To learn more about OSHA Recordkeeping training, visit http://www.safetylinks.net/index.php/training/safety-management-courses/osha-record-keeping
Drug and alcohol abuse in the workplace can lead to tragic accidents if overlooked or unnoticed. According to this article, follow these basic rules if you suspect an employee or co-worker has a substance problem… 1. Watch for signs According to the federal Drug Enforcement Administration, indications that an employee might have a substance abuse problem…
According to a recent study by the American College of Occupational and Environmental Medicine’s Presidential Task Force, employee fatigue in the workplace should be accounted as a major safety concern and prevented and treated properly. An FRMS or Fatigue Risk Management System can be followed to prevent injury or illnesses, increase work productivity, and maintaining a healthy work environment for all employees.
A number of results from employee fatigue can occur including slowed reaction time, reduced vigilance, reduced decision-making ability, poor judgment, distraction during complex tasks and loss of awareness.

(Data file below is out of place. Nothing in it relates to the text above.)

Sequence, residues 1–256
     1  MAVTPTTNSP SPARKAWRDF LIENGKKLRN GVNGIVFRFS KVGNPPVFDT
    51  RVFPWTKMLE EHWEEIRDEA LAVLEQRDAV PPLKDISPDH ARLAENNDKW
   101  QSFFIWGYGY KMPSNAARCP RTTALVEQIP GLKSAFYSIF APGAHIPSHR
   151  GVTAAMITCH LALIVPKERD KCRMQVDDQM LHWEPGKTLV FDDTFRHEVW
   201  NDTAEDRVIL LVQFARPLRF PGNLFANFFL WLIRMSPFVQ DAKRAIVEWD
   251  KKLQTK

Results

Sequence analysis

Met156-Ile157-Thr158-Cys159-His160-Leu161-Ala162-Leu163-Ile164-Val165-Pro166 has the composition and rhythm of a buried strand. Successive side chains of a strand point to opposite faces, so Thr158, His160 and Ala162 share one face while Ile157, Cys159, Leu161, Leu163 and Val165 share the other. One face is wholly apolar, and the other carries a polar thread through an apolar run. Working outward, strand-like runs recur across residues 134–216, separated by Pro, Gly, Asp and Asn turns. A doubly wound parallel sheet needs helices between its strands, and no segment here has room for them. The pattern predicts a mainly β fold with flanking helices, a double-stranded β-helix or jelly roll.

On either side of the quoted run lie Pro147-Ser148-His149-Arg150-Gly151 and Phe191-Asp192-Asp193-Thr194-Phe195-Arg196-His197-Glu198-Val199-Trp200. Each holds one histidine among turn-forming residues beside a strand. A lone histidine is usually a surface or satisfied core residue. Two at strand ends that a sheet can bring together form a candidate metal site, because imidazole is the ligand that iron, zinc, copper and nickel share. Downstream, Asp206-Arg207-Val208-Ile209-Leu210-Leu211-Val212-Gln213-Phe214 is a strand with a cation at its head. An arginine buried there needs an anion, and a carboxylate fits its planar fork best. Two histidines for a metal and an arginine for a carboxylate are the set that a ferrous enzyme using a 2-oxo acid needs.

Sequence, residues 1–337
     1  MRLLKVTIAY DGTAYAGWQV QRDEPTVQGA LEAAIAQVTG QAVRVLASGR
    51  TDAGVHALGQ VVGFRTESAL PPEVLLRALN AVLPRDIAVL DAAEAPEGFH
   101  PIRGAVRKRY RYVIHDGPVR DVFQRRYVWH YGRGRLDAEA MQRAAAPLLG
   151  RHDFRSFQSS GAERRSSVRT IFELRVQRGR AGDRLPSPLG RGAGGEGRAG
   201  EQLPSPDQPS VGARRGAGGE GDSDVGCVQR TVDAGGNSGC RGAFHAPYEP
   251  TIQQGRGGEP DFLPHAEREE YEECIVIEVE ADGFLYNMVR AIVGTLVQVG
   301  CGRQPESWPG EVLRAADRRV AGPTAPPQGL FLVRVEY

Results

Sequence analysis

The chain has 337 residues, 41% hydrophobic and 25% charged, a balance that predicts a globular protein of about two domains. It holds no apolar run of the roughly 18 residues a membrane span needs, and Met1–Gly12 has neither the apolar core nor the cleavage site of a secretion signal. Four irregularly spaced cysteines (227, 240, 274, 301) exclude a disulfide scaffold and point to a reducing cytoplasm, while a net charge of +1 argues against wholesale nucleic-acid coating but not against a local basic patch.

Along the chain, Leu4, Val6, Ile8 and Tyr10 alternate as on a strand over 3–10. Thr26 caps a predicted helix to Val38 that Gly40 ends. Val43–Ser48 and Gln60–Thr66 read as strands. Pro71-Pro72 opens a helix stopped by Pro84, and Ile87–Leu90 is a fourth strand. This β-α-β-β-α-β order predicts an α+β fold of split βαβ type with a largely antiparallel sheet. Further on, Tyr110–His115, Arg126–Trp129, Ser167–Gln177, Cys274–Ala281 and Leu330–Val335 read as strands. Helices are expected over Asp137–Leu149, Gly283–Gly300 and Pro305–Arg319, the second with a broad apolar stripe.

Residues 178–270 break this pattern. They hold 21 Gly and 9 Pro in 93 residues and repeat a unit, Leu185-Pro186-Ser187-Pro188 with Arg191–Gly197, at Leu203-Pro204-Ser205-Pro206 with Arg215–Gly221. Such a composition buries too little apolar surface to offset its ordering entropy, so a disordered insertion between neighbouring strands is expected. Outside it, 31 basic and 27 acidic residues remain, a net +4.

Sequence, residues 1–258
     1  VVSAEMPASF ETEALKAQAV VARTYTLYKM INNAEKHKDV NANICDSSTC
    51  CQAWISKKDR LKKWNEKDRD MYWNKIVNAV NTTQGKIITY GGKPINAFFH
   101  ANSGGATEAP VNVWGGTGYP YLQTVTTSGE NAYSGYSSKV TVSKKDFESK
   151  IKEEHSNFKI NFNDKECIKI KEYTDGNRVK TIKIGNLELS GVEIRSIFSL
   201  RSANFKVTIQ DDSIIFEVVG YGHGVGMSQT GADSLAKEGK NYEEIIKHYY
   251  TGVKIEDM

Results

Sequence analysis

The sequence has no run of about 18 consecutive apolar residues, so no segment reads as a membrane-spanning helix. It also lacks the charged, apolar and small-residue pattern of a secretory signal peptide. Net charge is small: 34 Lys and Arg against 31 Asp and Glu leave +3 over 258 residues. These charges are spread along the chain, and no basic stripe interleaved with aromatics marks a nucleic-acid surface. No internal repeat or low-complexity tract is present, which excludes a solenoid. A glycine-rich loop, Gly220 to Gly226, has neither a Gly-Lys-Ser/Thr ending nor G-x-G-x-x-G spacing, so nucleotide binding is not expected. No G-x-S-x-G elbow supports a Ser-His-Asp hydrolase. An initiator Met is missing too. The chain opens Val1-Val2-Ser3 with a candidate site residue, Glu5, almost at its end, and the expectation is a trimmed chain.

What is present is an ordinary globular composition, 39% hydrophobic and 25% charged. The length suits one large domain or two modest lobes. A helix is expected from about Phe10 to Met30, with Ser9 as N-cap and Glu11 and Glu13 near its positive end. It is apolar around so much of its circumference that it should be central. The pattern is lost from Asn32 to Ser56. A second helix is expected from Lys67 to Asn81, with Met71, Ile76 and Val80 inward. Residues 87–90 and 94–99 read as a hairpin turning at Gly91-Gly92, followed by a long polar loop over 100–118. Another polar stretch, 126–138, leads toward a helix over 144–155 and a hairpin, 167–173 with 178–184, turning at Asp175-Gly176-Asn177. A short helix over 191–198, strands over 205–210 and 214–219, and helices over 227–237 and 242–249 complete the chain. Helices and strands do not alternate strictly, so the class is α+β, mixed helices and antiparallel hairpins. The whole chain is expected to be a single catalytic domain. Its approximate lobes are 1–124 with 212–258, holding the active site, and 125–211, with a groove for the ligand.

The key components of an FRMS in an organization should include:
- A fatigue management policy
- Fatigue risk management including collecting information on fatigue as hazard, analyzing its risk, and instigating controls to mitigate that risk
- Fatigue reporting system for employees
- Fatigue incident investigation
- Fatigue management training and education for employees, management and even families
- Sleep disorder management
- A process or the internal and external auditing of the FRMS that delivers corrective actions through a continuous improvement process
According to the same research, one of the biggest reasons for employee fatigue is an increased amount of time at work and tight staffing levels. Instances such as changes in increased workloads, unexpected overtime, or low staffing levels can largely contribute to the problem.
A staffing level can determine:
- Average amount of overtime per employee;
- Average time off between shifts;
- Average time off between consecutive blocks of shifts;
- Average length of shifts;
- Average work hours per week;
- Average number of consecutive days worked;
- Discrepancy between the published shift schedule and the actual shift schedule worked.
To read the original article, visit http://ehstoday.com/health/wellness/manage-fatigue-risk-workplace-0308/
According to a survey by AlliedBarton Security Services & David Michaelson and Co., Violence in the American Workplace, about 52% of Americans have witnessed, heard of, or experienced or encountered violence or a situation that could either to violence. A total of 1,030 were surveyed in this research, 34% of them who either felt somewhat…
Page 8 of 11